ORIGINAL RESEARCH article
Parasite Load and STRs Genotyping of Toxoplasma gondii Isolates From Mediterranean Mussels (Mytilus galloprovincialis) in Southern Italy
- 1Department of Integrative Marine Ecology, Stazione Zoologica Anton Dohrn, Naples, Italy
- 2Istituto Zooprofilattico Sperimentale del Mezzogiorno, Portici, Italy
- 3Department of Veterinary Medicine and Animal Productions, Università degli Studi di Napoli Federico II, Naples, Italy
Toxoplasmosis is a zoonotic food-borne disease caused by Toxoplasma gondii, a land-derived protozoan parasite that infects a broad range of terrestrial and aquatic hosts. T. gondii may reach coastal waters via contaminated freshwater runoff and its oocysts may enter into the marine food web. Marine invertebrates as mussels being filter feeders are exposed and may concentrate T. gondii oocysts representing a potential source of infection for animals and humans. The present works investigated the prevalence, parasite burden and genotypes of T. gondii in the Mediterranean mussels (Mytilus galloprovincialis) from southern Italy. We sampled a total of 382 individual Mediterranean mussels from May to August 2018 from seven production sites in the Gulf of Naples (Campania region). An additional sample including 27 farmed Mediterranean mussels was obtained in February 2018 from a mollusk depuration plant in Corigliano Calabro (Calabria region). T. gondii DNA was detected in 43 out of 409 (10.5%) Mediterranean mussels from seven out of eight sampling sites. The number of T. gondii copies/g in the digestive gland ranged from 0.14 to 1.18. Fragment analysis of Short Tandem Repeats (STRs) at 5 microsatellite loci was performed from 10 T. gondii PCR positive samples revealing the presence of five distinct genotypes including one corresponding to type I and four atypical genotypes. These findings suggest potential implications of epidemiological importance for human and animal health because both type I and atypical genotypes could be highly pathogenic.
Toxoplasmosis is a food-borne zoonotic disease caused by Toxoplasma gondii, an obligate intracellular protozoan parasite with a global distribution and great ability to infect a broad range of hosts. Its life cycle includes three infectious stages: tachyzoites, free parasites in host fluids and infecting host cells in the acute stage; bradyzoites, occurring in tissue cysts, and sporozoites contained inside the oocysts shed with the feces to the environment by felids (definitive hosts). The major routes of T. gondii infection to humans include the accidental ingestion of sporulated oocysts in water, fruits or vegetables, and consumption of raw and undercooked meat containing tissue cysts of the parasite (Mead et al., 1999; Pereira et al., 2010; Robert-Gangneux and Dardè, 2012).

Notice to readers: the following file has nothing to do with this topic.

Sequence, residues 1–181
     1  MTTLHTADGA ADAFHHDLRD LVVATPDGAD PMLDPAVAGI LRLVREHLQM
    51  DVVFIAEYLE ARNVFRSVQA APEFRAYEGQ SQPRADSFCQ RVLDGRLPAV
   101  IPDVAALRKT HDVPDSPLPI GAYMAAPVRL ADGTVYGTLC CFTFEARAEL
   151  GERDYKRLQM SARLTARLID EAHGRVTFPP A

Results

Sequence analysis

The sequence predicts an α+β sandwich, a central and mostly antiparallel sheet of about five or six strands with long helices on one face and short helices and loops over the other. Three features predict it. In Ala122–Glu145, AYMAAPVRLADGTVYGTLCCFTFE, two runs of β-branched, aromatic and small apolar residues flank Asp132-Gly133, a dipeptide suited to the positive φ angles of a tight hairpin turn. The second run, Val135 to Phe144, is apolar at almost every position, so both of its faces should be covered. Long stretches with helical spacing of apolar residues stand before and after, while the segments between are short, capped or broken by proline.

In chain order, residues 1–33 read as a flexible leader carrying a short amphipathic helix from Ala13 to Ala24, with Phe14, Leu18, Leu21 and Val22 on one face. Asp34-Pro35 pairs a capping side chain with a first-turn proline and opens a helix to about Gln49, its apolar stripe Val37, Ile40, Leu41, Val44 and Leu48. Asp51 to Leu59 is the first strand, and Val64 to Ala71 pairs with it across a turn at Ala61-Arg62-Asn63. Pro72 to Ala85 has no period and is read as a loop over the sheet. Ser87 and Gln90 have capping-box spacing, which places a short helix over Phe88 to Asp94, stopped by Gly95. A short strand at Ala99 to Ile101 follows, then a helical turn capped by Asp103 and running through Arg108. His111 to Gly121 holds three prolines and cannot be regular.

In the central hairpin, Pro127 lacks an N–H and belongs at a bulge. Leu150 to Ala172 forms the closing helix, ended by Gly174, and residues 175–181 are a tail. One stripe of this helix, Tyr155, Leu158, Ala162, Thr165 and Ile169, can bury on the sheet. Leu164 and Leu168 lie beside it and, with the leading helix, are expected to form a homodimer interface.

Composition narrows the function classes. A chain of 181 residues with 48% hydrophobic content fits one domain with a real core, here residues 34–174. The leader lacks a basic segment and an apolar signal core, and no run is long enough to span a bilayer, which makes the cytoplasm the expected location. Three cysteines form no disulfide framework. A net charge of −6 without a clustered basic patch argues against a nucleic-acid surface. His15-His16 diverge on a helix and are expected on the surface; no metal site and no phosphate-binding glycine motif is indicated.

Three predominant archetypal lineages of T. gondii were originally described (named types I, II, and III). More recently, six clades have been characterized, and diverse atypical genotypes have been also described by sequence-based analyses (Ajzenberg et al., 2004; Lehmann et al., 2006; Sibley et al., 2009; Robert-Gangneux and Dardè, 2012). Several studies support the hypothesis that T. gondii genotypes may be related to different disease severities in both animals and humans (see Robert-Gangneux and Dardè, 2012).
Special interest has recently been focused on the spillover of pathogens from regional terrestrial animals into the aquatic ecosystem since many typical terrestrial pathogens of zoonotic interest have been found in different classes of marine organisms increasing the reports of lethal cases of infection in marine mammals (Miller et al., 2004; VanWormer et al., 2014; Grattarola et al., 2016; Aguirre et al., 2019; Santoro et al., 2019a).
Aquatic invertebrates may significantly influence waterborne transport of T. gondii, by enhanced settling and subsequent benthos concentration, and by facilitating ingestion by invertebrate vectors (Mazzillo et al., 2013; Aguirre et al., 2019). Shellfish being filter feeders are exposed and may concentrate a variety of pathogens that via freshwater runoff from regional terrestrial environment flow into the marine ecosystem (Arkush et al., 2003; VanWormer et al., 2014). The consumption of shellfish has been shown to be a risk factor for acquiring Toxoplasma infection in animals and humans (Conrad et al., 2005; Jones et al., 2009). T. gondii oocysts can remain viable for at least 2 years in seawater, and at least 21 days after internalization by Mediterranean mussels (Mytilus galloprovincialis) (Arkush et al., 2003; Lindsay and Dubey, 2009).